Double Oak’s Bill and Laura Wilkinson have recently received the official thanks of their fellow Denton County neighbors at three ceremonies recognizing the couple’s years of service and volunteerism to others.
“I was just so surprised, you could’ve knocked me right over,” said Bill Wilkinson after the May 24 Bartonville Water Supply Corp. (BWSC) celebration honoring his service on its Board of Directors. “I never missed a meeting during the six years I served on the board.”
“Bill was not only a board member and my superior but I consider him a friend as well,” said BWSC General Manager Jim Leggieri. “He is a man of integrity and uncompromising values and he imparted the benefits of those character traits to his service on the BWSC board.”
His tenure on the BWSC Board followed four years as a councilman for Double Oak and then four years as Mayor of Double Oak. He was recognized for his service as an elected official at the May 3 Town Council meeting.
“He set the bar pretty high for the rest of us,” said current Double Oak Mayor Mike Donnelly. “He was very dedicated as a public servant and was very deserving of the recognition for his service in southern Denton County.”
The Wilkinsons moved from Carrollton to Double Oak 16 years ago when Bill retired after 32 years working for Rockwell International. The community’s one-acre minimum lot size and “its rural setting is a little oasis in the middle of an urban desert” drew the couple to the area.
“I didn’t want to be a couch potato, so I ran for the council to help get the new Bartonville Water Supply Corp tower built, which was very controversial and I even had some threats,” said Bill. “I got elected anyway and once people saw how nice the tower turned out, everything calmed down.”
The new tower was needed to maintain water pressure levels for the housing growth in Double Oak, Cooper Canyon, the Bridlewood development in Flower Mound and parts of Highland Village.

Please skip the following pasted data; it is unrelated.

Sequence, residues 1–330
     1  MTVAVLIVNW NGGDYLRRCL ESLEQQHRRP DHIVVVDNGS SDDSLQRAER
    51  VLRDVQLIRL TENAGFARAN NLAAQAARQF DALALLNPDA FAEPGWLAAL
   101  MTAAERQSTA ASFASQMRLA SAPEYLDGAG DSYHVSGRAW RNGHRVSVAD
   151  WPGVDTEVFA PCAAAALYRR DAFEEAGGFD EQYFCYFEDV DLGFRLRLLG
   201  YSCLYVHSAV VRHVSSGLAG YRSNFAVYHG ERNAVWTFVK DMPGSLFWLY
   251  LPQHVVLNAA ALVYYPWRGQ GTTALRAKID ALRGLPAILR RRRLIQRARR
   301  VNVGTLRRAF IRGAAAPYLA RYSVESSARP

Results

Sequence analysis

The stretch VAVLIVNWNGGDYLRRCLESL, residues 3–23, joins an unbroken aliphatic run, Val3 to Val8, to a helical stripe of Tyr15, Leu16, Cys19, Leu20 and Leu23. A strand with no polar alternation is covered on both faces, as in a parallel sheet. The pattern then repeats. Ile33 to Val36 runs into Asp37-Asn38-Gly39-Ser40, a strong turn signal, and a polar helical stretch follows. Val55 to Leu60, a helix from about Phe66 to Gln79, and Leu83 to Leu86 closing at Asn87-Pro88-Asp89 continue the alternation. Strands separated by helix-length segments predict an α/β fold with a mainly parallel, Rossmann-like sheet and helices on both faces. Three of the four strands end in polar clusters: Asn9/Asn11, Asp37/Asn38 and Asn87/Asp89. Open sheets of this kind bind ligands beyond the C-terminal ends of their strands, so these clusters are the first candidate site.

“Our daughter bet him $50 he’d end up running for mayor, but he said he wouldn’t,” said Laura. “After he was sworn in, she held out her hand and he paid her the $50.”
In his tenure as mayor, Bill was able to complete his two goals for the city; a real police department and a new town hall. He accomplished both without a tax increase or a bond election.
“The previous town hall was in a mobile home and I just didn’t feel it was a proper representation for our community,” said Bill. “It took two years to build, paying as we built. I don’t know of any place else that was able to pay cash for a new town hall.”
The Wilkinsons met in 1962 on a blind date to see Alfred Hitchcock’s movie, “The Birds,” and married in 1963. Their son, Mike, 45, is a medical software designer and their daughter, Vicki Hall, 42, has two sons, Andrew and Travis, ages 11 and 5, respectively, and is an expert chemical forensic scientist.
Bill can trace his roots in North Texas back to his grandfather who had a farm in Grapevine, but was forced to release it after being shot in his leg during the Civil War.
“My dad, the youngest of eight [children], was born in Grapevine in 1892 and lived on a farm until he was drafted into World War I,” Bill said. “He lost his farm, too, and worked in the oil and gas industry, which moved him around.”
The family returned to Texas from Alabama in 1940 when Bill, the youngest of three, was two-years-old.
“We landed in the panhandle out in Shamrock and I went all through school there,” he said. After going to electronics school and four years in the Air Force stationed in Germany, he returned to North Texas.
For her part, Laura Wilkinson, was honored in April for her 50 years of service in the international Beta Sigma Phi women’s service sorority. During those years, she helped raise thousands of charity dollars and served as president for each of the six degrees, as well as serving on 10 area convention committees and five state convention boards.
“When I joined in 1960, there were about 300-400,000 members internationally, but now that so many women are working outside the home that has had an impact on the number of women volunteering,” said Laura. In spite of that, there are 52 Dallas metro chapters.
Laura and her identical, mirror-image twin sister, Shurley (CQ) were born in Atlanta and moved to Texas when her chemist mother joined the State Liquor Board in Austin. In 1954 the family moved to Dallas and Laura was in the first graduating class from Bryan Adams High School.
Now that Bill has retired from public life, he and his family plan to relax and travel. The first vacation scheduled is a cruise to Alaska in July.
“Bill is a very caring person, always ready to lend a helping hand,” said Donnelly. “He’s been a great help to me in the short time I’ve been in southern Denton County. He’s just an exemplary person.”